Versioning is the process of assigning versions to distinct states of a document. For instance, versioning can be numerical (“version 1”, “version 2”, etc.), date-based (“last updated 2017-07-02”), or hash-based (assigning a cryptographic hash to the content).
Analogy with software
There has been a lot of thought put into versioning of software:
Software has obviously backwards-incompatible changes that can be made to it. This makes it useful to have some sort of convention of quickly telling users when this happens.
Examples of versioning prose
The following are some examples of ways to version content:
Textbooks and in general books have different “editions”, and for each edition, the authors usually note the major differences in a foreword for that edition.
Wikipedia has no concept of versions aside from its raw edit history. This means the full history is given, but it’s also hard to tell when some major change was introduced. Note that editors can still include an “edit summary” accompanying their edits, but this isn’t required. When referring to changes in a page, editors use the “diff” links.
Some web pages have a “last modification date” or “last major revision date” or “last substantive revision date” or something similar. But it’s not clear whether these mean the same things across different web page authors.
Some web pages have a “History” or “Changelog” section.
Some sites, such as this one, track all changes in a revision-control system (e.g. Git). This makes the “feeling” of tracking prose somewhat similar to that of tracking software – because the same tools are used for both!
On blog posts, people tend to add updated information at the bottom of the post (even when they logically belong to the parts of the post where that thing is being talked about) or injected into the post with something like “ETA:” or “EDIT:” (even when newer readers – who are probably the majority – wouldn’t care whether that information was part of the original post or not).
The CDC website has “Page last reviewed” and “Page last updated” dates; presumably the former guarantees that all the information on the page is accurate as far as the CDC is concerned, while the latter just says that information from as recent as the given date is included. However I would appreciate if there was a linked explanation of what they actually mean.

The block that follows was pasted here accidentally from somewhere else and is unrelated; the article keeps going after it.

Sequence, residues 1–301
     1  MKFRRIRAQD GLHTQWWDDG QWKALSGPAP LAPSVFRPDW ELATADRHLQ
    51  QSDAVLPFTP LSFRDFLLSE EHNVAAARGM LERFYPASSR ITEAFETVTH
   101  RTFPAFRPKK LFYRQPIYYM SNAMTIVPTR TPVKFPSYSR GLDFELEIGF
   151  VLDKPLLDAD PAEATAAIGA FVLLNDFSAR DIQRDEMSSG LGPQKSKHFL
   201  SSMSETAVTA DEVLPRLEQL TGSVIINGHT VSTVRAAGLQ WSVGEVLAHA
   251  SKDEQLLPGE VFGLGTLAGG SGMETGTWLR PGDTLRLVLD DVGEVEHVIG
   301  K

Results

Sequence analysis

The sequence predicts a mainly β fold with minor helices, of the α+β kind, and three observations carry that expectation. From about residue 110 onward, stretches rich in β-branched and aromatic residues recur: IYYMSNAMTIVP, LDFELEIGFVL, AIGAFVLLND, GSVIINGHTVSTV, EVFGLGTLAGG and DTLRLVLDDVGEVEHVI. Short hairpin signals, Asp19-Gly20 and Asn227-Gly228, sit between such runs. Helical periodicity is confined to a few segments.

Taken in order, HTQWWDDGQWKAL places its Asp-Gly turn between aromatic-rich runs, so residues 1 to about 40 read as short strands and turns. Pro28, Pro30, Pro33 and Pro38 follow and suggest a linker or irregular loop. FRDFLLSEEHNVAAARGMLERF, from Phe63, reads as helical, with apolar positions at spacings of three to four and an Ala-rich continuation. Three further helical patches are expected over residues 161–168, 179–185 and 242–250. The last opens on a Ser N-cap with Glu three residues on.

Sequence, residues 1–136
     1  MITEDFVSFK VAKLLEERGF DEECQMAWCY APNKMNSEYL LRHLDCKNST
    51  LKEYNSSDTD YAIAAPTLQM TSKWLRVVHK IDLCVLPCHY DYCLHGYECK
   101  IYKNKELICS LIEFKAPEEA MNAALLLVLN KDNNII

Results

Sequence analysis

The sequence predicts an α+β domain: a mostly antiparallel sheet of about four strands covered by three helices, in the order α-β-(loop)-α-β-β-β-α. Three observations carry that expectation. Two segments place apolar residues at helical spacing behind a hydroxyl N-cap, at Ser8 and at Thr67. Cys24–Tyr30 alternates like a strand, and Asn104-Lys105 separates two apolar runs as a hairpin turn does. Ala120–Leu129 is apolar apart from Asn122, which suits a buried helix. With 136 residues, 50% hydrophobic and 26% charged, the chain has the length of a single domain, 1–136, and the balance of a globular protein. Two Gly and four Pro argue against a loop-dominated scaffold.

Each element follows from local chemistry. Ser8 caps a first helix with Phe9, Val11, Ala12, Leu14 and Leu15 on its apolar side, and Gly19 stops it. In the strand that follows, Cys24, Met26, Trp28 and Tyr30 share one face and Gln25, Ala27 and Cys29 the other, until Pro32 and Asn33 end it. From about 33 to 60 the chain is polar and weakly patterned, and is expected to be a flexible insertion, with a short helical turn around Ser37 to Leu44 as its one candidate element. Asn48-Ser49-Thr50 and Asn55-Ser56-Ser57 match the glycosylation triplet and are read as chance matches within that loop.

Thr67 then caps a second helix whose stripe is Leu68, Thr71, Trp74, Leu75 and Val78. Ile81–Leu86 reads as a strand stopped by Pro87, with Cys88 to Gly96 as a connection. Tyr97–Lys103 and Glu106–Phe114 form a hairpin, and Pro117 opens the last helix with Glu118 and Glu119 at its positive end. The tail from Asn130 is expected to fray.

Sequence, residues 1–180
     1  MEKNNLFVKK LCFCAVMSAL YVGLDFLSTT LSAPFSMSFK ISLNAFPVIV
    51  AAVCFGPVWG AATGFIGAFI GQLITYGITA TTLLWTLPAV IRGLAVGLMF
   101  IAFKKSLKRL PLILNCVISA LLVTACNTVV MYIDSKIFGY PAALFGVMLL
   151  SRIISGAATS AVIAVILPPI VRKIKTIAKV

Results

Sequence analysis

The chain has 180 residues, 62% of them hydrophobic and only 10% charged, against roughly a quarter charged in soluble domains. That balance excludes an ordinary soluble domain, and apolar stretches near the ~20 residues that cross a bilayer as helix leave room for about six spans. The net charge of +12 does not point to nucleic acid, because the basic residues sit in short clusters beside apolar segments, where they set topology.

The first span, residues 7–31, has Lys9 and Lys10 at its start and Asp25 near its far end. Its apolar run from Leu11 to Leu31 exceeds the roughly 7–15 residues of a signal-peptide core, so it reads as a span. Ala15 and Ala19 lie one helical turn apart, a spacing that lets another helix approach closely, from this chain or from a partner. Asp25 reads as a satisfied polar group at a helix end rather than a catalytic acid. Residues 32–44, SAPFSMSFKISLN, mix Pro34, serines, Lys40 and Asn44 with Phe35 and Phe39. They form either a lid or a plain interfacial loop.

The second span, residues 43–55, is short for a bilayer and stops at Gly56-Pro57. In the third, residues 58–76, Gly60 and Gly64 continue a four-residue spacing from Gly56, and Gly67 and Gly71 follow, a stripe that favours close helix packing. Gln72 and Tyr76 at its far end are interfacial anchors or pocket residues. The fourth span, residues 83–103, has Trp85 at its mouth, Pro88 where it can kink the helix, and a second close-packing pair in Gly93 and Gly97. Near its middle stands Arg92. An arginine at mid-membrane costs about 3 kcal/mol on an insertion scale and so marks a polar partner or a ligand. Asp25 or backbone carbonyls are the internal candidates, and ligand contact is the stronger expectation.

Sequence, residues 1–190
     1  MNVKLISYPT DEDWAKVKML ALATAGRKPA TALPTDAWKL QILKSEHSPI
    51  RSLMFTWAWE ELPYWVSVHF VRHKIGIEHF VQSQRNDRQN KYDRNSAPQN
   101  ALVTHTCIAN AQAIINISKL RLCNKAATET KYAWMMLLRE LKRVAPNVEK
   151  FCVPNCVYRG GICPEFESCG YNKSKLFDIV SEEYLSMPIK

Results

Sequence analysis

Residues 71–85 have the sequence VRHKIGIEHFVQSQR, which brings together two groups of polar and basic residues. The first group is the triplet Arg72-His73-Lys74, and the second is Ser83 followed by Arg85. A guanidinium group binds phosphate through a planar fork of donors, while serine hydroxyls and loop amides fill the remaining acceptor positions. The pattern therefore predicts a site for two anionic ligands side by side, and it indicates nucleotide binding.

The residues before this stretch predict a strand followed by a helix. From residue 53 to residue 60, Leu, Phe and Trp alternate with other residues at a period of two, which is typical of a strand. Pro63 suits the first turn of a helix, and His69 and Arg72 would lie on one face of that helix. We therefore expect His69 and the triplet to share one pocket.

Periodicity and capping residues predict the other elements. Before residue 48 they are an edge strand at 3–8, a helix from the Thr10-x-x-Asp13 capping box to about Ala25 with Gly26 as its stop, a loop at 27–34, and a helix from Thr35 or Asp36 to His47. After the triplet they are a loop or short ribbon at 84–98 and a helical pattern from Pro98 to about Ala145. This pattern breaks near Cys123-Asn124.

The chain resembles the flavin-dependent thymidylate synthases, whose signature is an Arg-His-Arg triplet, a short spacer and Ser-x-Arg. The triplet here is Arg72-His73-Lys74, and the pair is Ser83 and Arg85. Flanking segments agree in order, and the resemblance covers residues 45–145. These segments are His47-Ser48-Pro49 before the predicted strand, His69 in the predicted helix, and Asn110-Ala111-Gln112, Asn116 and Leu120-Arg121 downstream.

Eliezer Yudkowsky often shares his old Facebook posts using the Facebook “memories” feature. I appreciate these posts because it shows whether he has changed his mind on a topic or not. When he has changed his mind, he apparently edits his posts to indicate that:
If you go through my Facebook timeline, you will see a number of statuses with “whoops never mind” attached to them as edits.
I’m a bit worried over the fact that most other Facebook timelines inside my bubble do not look like this.
See also his foreword to Rationality: From AI to Zombies:
In retrospect, I look back on that project and see a large number of things I did completely wrong. I’m fine with that. Looking back and not seeing a huge number of things I did wrong would mean that neither my writing nor my understanding had improved since 2009. Oops is the sound we make when we improve our beliefs and strategies; so to look back at a time and not see anything you did wrong means that you haven’t learned anything or changed your mind since then.
Some problems that might occur:
- Giving a “substantive revision date” might trick readers into thinking that all the information on a page is updated to match the given date, even if an update can be “substantive” only by changing some significant part of the page.
- The overhead of having a “History” section on every page might not be justified.
- In general, it is time-consuming to convey the “freshness” of each sentence or paragraph in a document. (There are parallels here with trying to convey the credence of each sentence or paragraph in a document.)